Trump's travel ban
Beth Kohn protests against President Donald Trump's executive order travel ban, outside the 9th U.S. Circuit Court of Appeals courthouse in San Francisco, California, Feb. 7, 2017. Reuters

Travel companies across the country said that demand for travel to the United States dropped considerably after President Donald Trump signed a controversial executive order on travel ban in January.

ForwardKeys, which analyzes 16 million flight reservations a day from major global reservation systems, said international travel to the country dropped by 6.5 percent in the days after the Jan. 27 ban. In its report Monday, the company said although bookings picked up after the court halted the ban, they again began sliding after the Trump administration announced plans for a new travel ban in mid-February, Reuters reported.

"Uncertainty reigns and the presidential rhetoric appears to be deterring visitors to the U.S.," ForwardKeys founder Olivier Jager said in a statement.

ForwardKeys had said last month that travel from the U.S. to and from the countries of Middle East has been hit the most after Trump's executive order that temporarily banned people from seven Muslim-majority countries from entering the U.S.

The Global Business Travel Association, a business travel and meetings organization headquartered in Washington, D.C., estimated in a report released Feb. 23 that for the week Trump's travel ban was in effect, the U.S. lost $185 million in travel bookings. The report said: "Given that for every 1 percent impact on business travel spending annually, the United States gains or loses 71,000 jobs, nearly $5 billion in GDP, $3 billion in wages and $1.2 billion in tax collections, a loss in business travel also leaves a lasting negative impact on our economy."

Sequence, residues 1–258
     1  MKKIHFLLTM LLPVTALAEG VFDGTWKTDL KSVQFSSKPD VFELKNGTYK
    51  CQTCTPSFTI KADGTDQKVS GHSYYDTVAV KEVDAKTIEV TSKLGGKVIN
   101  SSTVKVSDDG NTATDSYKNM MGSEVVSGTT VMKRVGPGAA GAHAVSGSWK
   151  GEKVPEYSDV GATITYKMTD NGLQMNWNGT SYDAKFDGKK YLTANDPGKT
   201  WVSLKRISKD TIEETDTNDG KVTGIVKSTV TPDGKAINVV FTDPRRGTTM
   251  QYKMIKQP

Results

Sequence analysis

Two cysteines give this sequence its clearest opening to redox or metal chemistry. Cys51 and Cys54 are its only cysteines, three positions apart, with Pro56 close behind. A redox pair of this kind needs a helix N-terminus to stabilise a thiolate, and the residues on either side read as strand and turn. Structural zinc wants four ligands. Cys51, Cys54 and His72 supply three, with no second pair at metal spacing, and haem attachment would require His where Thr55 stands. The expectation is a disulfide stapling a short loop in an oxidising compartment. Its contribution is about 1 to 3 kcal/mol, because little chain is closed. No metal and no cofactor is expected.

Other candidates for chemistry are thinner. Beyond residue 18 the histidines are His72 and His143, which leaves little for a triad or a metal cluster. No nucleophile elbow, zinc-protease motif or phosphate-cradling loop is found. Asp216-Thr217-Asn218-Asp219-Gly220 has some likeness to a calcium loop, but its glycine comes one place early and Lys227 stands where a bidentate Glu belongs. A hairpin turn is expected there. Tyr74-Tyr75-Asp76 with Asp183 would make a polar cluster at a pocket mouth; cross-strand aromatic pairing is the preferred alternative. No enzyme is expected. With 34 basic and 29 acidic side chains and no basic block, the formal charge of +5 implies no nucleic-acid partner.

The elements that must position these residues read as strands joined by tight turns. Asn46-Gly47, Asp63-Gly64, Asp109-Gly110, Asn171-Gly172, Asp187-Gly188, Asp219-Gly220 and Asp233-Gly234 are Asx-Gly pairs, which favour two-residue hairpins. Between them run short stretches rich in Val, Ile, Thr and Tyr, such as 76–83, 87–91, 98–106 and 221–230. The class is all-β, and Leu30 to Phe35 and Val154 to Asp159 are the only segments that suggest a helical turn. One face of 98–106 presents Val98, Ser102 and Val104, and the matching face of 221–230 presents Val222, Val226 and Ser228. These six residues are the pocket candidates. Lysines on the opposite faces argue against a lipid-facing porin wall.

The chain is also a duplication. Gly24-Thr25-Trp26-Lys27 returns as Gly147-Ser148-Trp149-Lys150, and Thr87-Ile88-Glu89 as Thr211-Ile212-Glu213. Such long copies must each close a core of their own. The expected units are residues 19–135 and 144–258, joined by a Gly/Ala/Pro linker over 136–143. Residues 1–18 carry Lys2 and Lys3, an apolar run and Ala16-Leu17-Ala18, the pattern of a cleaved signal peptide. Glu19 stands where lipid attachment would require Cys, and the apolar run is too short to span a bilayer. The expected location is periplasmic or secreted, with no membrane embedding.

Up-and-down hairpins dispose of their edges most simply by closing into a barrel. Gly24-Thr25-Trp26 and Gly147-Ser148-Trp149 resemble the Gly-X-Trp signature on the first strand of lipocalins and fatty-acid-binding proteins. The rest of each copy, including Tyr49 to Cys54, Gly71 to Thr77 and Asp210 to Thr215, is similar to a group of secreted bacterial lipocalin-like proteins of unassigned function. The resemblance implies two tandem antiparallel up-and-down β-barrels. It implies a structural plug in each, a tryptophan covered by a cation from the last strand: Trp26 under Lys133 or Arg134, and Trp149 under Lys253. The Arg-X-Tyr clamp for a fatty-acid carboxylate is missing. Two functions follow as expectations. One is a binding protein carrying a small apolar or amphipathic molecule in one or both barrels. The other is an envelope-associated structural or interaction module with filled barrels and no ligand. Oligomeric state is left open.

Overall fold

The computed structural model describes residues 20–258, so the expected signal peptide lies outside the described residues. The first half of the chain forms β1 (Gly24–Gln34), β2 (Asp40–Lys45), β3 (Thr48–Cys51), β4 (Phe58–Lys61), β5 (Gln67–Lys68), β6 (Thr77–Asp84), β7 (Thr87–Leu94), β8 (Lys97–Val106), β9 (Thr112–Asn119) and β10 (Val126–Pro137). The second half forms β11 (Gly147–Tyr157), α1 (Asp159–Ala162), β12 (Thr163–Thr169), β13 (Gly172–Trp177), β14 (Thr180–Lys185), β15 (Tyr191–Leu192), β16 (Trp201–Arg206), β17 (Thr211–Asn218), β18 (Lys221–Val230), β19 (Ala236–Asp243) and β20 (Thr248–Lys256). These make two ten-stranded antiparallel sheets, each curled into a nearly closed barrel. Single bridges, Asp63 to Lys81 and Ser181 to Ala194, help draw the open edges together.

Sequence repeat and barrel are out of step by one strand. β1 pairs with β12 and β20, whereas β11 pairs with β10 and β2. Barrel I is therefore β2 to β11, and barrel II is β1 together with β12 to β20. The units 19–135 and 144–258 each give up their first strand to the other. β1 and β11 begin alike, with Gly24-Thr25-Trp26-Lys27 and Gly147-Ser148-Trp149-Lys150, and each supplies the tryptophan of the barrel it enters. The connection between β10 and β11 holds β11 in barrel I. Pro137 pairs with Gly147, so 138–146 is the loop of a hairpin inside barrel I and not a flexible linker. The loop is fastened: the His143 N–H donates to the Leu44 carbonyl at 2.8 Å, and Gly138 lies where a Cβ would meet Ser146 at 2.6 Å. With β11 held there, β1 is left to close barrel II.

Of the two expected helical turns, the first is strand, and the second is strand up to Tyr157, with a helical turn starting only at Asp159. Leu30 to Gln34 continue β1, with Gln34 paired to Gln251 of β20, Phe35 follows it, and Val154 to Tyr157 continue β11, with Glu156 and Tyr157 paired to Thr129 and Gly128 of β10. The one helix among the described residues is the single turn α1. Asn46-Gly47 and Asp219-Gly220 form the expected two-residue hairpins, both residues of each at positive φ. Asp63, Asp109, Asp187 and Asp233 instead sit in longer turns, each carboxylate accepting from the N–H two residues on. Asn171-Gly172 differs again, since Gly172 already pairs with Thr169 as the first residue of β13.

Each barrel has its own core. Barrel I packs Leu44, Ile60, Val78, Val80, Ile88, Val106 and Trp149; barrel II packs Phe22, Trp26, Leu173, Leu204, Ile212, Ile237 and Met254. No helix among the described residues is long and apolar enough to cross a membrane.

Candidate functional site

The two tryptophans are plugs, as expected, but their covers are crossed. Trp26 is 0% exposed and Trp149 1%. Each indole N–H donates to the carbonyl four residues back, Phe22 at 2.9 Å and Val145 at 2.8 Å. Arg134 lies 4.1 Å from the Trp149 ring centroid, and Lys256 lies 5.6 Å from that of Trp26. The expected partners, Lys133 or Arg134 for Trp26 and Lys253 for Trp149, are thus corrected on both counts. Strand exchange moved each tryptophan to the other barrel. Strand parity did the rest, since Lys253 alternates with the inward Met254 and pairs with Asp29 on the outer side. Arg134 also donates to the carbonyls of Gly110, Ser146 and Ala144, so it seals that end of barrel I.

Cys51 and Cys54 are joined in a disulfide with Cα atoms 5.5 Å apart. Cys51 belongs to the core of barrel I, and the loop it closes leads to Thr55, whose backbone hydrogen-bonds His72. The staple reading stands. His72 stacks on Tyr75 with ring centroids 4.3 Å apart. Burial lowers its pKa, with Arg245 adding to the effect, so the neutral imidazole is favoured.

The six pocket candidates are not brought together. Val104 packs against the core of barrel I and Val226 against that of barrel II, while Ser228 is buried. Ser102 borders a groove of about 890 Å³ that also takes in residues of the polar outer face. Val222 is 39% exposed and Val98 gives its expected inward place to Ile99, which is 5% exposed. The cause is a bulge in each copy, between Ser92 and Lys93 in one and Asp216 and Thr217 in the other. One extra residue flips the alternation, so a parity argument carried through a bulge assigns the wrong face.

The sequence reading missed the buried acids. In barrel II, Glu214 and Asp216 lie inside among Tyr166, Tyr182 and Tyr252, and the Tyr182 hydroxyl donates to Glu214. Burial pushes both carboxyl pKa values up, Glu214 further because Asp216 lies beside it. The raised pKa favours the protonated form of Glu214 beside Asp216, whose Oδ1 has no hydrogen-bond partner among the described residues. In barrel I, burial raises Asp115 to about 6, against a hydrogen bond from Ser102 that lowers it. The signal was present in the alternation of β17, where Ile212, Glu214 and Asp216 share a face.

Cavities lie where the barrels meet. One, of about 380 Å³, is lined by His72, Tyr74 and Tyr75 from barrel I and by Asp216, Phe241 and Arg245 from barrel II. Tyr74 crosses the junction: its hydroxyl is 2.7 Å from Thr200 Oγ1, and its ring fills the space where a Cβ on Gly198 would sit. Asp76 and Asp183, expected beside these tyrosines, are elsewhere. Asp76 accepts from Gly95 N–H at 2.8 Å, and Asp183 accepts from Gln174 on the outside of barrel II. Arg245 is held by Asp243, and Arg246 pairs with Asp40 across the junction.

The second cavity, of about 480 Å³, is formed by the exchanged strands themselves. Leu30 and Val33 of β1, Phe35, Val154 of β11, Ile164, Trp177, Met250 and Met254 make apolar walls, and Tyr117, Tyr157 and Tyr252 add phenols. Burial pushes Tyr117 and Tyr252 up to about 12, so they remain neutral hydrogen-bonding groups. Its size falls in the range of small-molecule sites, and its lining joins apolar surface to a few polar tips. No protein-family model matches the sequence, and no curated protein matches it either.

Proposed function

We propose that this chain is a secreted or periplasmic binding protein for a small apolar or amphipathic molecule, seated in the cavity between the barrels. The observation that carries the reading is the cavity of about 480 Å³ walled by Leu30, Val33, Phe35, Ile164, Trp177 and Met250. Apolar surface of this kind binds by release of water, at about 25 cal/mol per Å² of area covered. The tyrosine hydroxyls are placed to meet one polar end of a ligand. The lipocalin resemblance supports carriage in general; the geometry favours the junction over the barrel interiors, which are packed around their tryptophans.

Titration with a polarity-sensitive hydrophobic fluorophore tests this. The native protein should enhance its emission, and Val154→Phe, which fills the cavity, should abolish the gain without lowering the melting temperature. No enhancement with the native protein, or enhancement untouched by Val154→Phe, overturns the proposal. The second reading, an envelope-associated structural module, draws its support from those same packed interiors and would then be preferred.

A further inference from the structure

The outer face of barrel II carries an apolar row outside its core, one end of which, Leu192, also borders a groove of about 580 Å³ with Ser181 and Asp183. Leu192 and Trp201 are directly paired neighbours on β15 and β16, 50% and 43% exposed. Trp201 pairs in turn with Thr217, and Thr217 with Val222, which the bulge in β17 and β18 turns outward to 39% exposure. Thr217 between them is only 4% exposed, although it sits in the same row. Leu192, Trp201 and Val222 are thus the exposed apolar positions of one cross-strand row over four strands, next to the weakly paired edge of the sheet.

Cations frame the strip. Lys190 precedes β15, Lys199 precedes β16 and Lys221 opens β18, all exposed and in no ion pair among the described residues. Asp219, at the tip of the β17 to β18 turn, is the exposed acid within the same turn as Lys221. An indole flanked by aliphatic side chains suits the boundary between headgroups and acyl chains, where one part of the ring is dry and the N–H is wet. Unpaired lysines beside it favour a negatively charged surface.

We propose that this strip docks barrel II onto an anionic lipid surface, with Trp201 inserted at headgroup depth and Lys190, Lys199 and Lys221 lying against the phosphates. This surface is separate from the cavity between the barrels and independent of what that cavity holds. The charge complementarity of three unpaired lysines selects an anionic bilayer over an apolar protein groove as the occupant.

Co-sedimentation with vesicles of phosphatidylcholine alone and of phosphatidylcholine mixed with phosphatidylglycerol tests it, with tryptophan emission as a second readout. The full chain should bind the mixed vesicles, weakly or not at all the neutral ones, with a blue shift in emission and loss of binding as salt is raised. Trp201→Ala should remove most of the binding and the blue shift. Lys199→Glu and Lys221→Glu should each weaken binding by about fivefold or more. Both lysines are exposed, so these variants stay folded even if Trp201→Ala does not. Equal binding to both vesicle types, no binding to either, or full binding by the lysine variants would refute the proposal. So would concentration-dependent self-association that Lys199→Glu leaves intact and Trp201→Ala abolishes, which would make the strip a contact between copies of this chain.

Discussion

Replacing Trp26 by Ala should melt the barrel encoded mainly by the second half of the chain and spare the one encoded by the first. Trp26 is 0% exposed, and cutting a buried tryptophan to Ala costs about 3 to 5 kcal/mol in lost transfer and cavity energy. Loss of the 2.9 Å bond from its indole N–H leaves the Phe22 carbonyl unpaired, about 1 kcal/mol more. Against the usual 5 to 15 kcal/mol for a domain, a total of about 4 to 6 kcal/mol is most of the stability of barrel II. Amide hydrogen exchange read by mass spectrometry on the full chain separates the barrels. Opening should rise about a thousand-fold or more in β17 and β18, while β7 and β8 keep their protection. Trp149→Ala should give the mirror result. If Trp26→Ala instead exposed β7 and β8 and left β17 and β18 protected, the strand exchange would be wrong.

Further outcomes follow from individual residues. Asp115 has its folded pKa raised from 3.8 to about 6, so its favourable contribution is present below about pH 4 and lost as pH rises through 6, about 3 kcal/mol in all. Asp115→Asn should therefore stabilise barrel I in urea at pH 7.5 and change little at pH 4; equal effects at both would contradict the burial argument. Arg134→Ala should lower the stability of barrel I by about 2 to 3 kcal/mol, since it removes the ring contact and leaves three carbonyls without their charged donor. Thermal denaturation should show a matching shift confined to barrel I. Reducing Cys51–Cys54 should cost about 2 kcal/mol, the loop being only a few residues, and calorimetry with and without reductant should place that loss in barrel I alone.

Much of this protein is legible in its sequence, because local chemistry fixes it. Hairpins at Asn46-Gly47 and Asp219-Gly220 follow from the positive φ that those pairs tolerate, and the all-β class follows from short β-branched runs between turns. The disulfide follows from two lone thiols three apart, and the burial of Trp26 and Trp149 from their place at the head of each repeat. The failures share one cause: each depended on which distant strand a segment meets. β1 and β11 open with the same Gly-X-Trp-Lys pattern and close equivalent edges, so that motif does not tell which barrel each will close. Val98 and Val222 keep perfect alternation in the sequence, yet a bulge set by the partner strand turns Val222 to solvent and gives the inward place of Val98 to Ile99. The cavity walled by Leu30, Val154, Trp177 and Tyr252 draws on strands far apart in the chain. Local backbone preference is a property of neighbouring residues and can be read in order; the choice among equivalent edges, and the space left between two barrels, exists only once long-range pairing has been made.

U.S. travel demand is going to be a hot topic at ITB Berlin, the world's largest travel fair, which will be held from March 8 to 12. In the ITB World travel trends report for 2016-2017, Rolf Freitag, president and founder of IPK International, said: "It remains to be seen whether the election result will have any impact on international travel to the USA next year. In the past, the dollar exchange rate has been a more important factor influencing demand for travel to the USA than issues such as security or immigration policies.”

There have been reports of declining number of flights to the U.S. from around the world following Trump's travel ban announcement. Another travel site, Hopper, in a report released Feb. 23, said searches for flights to America had dropped globally by an average of 22 percent.